If you have any questions, feel free to ask on my ask site: http://fyseq.tumblr.com/ask, though check out http://fuckyeahsexeducation.tumblr.com/FAQ!
I have had contact with you a few times under my vaginismus/asexuality blog called vaginismusandsexuality. I am requesting stories from people concerning a subject and since this also ties into your blog subject I was wondering if I could get a signal boost from you.
I am wanting to write an informative blog post about how the asexuality intersects with the medical field, both from physiological and psychological fields, primarily in recommending ‘corrective therapy’ to people who ID as asexual or those who may fall under the spectrum. More details on what I am asking for is in the link. The post will be sharing stories on what other people have experienced and how to defend your asexuality to medical professionals who want to ‘treat’ you.
Since I went under this ‘corrective therapy’ for being asexual while still in denial about it, something I will elaborate on more in the big post, I am struggling to get more submissions from people who have experienced this. I really wish that it is because no one else has experienced this, but I unfortunately know better.
I really hope you help me get the word out on this project of mine; this is really important to me. I don’t want another person to have to go through what I did.If you do post this I request all information concerning this to be sent to my vaginismusandsexuality blog, not my main account.
Ran across another term for LGBT/QUILTBAG/GSRM!
Introducing: MOGII, Marginalized Orientations, Gender Identity, and Intersex.
Anyone heard of this one? Thoughts?
Conversation Topic of the day (kind of)
I was reading a book about gender and it mentioned about how teens (especially girls) who mature faster tend to be more sexualized. I know I’ve seen this, where girls with bigger breasts or hips are more sexualized, and men with more muscle definitions are sexualized. You can also see how this contributes to the sexualization and portrayal of certain races. Latina and Black girls are two of the most sexualized races, and they are usually portrayed in media as having larger breasts, hips, and fuller lips. The book talked about how when we see teens who are more physically developed we assume they’re more mentally developed. You hear this used a lot in rape and sexual harassment cases.
In what other ways does this stereotype affect us? One thing I can think of is in portrayals (especially comics) of different orientations.We know that bisexual people and other multisexual people are sterotyped as being more sexually promiscuous and upon reflection a lot of bisexual people are portrayed as being more voluptuous or muscular. Also I’ve seen quite a few comics of asexual people looking more androgynous, with less muscles or smaller breasts or hips.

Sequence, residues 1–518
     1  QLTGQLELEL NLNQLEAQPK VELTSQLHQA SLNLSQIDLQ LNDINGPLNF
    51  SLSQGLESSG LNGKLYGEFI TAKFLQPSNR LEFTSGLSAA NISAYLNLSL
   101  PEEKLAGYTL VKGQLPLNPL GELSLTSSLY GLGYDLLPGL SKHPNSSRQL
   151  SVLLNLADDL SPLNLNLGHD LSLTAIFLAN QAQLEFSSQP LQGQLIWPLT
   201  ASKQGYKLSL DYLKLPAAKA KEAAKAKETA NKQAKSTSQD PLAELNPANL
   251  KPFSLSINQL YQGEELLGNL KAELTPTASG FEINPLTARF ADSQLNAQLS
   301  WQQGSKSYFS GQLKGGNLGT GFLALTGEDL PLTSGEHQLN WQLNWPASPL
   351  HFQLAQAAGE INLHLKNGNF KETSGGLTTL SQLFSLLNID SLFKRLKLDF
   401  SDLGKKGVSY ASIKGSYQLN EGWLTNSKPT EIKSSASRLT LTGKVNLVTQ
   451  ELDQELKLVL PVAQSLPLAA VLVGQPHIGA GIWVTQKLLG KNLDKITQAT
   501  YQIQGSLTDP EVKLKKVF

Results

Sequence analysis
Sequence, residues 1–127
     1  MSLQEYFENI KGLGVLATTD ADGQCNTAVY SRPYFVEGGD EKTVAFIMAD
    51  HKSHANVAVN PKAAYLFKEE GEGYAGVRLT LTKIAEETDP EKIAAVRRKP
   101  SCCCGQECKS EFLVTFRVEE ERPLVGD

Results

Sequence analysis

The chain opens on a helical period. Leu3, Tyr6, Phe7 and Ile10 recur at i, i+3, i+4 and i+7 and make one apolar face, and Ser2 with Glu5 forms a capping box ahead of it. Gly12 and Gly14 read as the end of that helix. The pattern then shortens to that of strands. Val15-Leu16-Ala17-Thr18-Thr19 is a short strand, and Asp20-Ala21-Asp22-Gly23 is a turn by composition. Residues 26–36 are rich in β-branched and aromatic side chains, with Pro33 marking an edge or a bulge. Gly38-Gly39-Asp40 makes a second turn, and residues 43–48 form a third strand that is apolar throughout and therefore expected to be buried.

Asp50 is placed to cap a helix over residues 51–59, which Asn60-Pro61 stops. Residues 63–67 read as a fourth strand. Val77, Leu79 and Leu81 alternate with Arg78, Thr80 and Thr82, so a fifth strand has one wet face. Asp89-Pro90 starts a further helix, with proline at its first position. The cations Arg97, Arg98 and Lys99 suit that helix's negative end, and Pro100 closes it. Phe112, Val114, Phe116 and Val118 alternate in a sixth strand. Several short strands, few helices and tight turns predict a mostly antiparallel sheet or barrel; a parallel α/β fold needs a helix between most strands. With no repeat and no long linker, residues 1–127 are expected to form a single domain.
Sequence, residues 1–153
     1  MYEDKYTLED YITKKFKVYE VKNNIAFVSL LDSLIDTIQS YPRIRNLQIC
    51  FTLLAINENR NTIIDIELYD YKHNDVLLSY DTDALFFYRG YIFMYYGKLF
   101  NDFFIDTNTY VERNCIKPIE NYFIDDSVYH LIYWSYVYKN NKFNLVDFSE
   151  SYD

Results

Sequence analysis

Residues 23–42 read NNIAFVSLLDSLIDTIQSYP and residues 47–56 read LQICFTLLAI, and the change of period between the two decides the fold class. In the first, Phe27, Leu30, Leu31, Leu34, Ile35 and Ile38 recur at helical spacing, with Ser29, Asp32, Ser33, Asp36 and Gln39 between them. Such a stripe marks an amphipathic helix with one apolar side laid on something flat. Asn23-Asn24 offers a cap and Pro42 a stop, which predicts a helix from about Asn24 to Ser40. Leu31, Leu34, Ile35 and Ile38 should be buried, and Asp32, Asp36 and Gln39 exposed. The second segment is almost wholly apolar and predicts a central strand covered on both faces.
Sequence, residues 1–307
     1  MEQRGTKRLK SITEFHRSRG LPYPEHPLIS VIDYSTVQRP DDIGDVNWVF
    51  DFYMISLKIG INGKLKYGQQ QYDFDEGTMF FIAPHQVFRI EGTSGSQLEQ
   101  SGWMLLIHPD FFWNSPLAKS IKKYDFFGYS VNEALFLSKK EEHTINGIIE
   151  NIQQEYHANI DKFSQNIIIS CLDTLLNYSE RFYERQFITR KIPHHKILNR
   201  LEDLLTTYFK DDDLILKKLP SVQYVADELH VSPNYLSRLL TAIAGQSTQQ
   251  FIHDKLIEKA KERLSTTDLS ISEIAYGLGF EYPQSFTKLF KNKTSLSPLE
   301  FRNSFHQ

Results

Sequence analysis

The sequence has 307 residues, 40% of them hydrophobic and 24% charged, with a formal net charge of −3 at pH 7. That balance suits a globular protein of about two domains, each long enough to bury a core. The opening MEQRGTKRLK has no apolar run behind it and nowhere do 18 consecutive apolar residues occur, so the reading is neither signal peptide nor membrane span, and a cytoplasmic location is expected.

Are there other examples of this you can see? How might this affect these groups of people? How can this be used to oppress (as most stereotypes are)? How might this affect teenagers differently than adults?
Because I found out I’m basically going to be given free reign over the curriculum I’m teaching, especially over gender and orientation inclusiveness I’m going through and editing and changing different workshops.
Here’s the current suggested workshops for Gender Identity and sexual orientation for ages 9-12. I’d like some feedback! I’ll put their recomendations in italics and them put mine in regular print
It starts with Gender Identity and Designated Sex
They start the activity with imagining being “the opposite gender” (which I won’t do because there’s no such thing as the opposite gender) and answering these questions:
what will be fun about being another gender?
Basically the points of this is to 1. show that boys and girls can do whatever they want and also 2. begin a conversation about sexism. I need to figure out a way to do both.
Because this workshop comes after the puberty workshop I’m not sure if I want to just flip the two and start this one out by defining designated sex and gender or do a mini lesson on designated sex and gender on the puberty workshop. I think switching them may be easier and I’ll talk to my co-teacher about doing that.
First I’ll explain how designated sex works and about intersex people. I could go from there to talk about how people take that designated sex and gender people by that. I can ask them about what experiences they’ve had with someone they know or themselves having gender and gender roles being forced on them or what they know about in general. We can still have them answer the questions on if boys are girls should dress differently, or act differently and what kind of messages they get about that. Then we can talk about how people treat others based on their perceived gender and about sexism. Then we can talk about how some people don’t identify with the sex people assign them. We can ask them how they know what gender they are, and what life may be like if they don’t identify with their designated sex or if they’re intersex.
What’s missing from this? How does everyone feel about this? What kind of activites about this would be good for this age group?